7

It's obviously not a valid move. Many 3x3x3 speed cubes are very loose, but in my opinion the best ones are just tight enough to not allow a corner to be twisted in isolation. I don't think there are any 2x2x2 cubes that are loose enough for such a corner twist. In an official speedcubing competition, you might find that at the end of a solve a single ...


7

One thing that is EXTREMELY important is improving your look-ahead! Look-ahead is your ability to foresee future cases and therefore prepare the algorithm for those cases so you can coordinate a pauseless transition from your current algorithm to the foreseen one. THIS is what separates an above 30 from a 20 and sub 20 and even more so a teen to a sub 10. ...


5

The 3x3 and 4x4 are very different. If you had fun in trying to solve the 3x3 by yourself for years and don't want to enter speed contest then you can probably enjoy the same feeling on the 4x4 (or on the 5x5 which might be closer to the 3x3). You can try to solve other formats by yourself, it will take time so you can keep practicing on the 3x3 to improve ...


5

We know that a 3x3x3 Rubik's cube has 43 quintillion possible positions. If a person finds a method of solving a cube by himself, then (s)he is a genius in terms of spatial intelligence. This is when you know some basics about commutators and conjugates and intuitively apply them to Rubik's cube(or similar puzzles like the 15 puzzle ). Personal experience: ...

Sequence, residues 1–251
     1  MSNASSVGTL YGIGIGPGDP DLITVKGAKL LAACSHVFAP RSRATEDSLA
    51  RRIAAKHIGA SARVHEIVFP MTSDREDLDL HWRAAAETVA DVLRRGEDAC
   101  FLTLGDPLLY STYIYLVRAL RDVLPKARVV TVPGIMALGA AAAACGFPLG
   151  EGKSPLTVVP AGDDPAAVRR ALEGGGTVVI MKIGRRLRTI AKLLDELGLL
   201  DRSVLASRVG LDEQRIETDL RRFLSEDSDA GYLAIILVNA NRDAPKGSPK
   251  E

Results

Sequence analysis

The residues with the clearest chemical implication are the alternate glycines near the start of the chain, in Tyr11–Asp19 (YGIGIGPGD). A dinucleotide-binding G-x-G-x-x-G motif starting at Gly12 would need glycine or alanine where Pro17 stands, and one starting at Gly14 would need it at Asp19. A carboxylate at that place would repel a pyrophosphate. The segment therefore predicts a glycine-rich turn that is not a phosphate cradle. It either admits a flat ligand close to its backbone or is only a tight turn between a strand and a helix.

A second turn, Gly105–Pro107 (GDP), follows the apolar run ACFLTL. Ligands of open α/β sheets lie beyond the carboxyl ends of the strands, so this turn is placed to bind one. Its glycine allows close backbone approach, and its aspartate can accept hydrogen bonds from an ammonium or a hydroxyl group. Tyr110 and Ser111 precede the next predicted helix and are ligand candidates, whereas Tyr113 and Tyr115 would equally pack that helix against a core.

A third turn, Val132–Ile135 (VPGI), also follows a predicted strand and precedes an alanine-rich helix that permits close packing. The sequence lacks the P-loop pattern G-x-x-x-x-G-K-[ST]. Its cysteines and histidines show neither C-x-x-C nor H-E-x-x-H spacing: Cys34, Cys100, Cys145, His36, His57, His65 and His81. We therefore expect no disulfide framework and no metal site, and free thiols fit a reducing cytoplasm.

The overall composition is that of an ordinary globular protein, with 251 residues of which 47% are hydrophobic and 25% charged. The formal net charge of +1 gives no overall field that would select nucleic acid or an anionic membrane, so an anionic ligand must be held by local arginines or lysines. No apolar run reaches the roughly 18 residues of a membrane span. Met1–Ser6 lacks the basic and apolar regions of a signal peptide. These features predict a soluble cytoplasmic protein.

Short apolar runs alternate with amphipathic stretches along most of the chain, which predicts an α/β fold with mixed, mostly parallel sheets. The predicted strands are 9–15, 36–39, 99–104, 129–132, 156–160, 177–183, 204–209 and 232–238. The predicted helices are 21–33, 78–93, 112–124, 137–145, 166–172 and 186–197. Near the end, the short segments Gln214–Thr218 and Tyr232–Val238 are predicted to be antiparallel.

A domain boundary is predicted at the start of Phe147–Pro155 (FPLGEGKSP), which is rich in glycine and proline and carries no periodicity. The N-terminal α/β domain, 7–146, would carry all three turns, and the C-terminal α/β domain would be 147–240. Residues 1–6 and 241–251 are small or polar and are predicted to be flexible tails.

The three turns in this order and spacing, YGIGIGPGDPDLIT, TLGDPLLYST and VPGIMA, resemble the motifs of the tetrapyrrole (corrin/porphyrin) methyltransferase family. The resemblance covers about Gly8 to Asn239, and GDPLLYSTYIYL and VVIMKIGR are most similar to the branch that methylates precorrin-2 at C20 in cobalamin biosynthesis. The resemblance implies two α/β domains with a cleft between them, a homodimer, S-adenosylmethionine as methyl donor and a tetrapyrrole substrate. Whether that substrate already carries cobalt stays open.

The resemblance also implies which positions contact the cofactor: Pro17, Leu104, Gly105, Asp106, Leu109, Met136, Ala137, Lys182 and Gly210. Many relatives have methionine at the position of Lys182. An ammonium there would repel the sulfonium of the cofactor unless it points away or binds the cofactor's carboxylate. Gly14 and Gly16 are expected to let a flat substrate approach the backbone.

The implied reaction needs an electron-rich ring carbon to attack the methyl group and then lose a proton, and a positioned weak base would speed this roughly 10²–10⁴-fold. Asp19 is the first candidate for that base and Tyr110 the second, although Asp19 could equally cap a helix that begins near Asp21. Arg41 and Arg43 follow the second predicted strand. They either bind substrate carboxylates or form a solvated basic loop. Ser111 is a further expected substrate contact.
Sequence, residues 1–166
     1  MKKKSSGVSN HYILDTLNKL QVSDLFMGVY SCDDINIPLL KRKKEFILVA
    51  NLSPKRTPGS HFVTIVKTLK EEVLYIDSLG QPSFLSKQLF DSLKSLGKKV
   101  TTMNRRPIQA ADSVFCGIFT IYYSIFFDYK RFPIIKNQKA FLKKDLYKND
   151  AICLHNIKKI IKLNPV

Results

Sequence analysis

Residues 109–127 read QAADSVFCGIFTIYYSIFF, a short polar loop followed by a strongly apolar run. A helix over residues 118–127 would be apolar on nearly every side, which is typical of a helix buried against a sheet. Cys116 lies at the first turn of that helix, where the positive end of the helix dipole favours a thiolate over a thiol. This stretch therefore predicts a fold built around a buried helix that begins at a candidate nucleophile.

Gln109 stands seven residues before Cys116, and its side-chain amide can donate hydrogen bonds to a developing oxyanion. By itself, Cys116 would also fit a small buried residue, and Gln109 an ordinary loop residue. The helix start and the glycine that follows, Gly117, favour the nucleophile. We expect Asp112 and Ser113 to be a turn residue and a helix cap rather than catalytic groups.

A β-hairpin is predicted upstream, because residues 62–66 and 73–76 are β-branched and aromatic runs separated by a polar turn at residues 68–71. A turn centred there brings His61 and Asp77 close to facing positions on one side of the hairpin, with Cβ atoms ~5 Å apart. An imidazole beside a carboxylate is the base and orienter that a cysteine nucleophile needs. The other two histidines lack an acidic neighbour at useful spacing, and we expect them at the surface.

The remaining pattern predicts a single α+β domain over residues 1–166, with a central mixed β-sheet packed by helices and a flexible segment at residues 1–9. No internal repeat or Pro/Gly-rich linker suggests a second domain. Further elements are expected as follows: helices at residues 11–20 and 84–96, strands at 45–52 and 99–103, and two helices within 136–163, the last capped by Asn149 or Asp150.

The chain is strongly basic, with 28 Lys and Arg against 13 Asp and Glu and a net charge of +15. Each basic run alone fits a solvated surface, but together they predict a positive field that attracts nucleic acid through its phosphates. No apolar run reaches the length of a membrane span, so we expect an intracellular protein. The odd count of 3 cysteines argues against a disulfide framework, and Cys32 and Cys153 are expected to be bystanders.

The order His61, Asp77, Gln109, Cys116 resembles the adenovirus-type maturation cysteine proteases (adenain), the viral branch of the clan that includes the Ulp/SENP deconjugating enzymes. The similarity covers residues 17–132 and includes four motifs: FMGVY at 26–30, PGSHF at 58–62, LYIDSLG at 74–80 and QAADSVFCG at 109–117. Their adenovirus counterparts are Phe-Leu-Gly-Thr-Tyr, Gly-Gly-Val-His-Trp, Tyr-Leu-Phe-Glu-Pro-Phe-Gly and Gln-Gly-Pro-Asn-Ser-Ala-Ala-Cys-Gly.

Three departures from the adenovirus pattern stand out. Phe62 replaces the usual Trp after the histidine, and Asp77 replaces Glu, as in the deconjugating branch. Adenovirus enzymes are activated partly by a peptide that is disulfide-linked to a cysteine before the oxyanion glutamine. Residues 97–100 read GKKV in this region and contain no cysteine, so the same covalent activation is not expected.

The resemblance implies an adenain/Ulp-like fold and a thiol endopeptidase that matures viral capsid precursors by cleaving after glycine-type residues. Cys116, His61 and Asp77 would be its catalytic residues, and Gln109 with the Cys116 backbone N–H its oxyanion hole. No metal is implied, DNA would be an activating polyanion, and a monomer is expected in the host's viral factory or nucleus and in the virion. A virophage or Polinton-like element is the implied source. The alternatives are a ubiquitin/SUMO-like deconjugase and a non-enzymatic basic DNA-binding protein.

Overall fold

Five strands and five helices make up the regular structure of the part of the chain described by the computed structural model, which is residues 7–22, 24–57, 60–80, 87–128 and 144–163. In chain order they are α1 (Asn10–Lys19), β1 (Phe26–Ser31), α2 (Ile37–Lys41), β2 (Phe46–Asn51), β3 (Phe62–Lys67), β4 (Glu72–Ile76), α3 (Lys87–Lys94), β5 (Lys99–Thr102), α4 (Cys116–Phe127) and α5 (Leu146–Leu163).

5

I found this article describing some benefits Here is the article of solving rubiks cubes. Some of theses benefits include: You can improve you memory, You can gain better concentration, You can even improve your hand-eye coordination. Here are some more articles here and here.


4

I agree with @mchoy25 that you can bring your time down much more. Things like single finger turning, properly lubricating the cube, and knowing what the back of the cube looks like without rotating the cube will improve your time much more than switching algorithms. That said, if you want to switch to more complicated methods then I'd look up F2L. Basically,...


4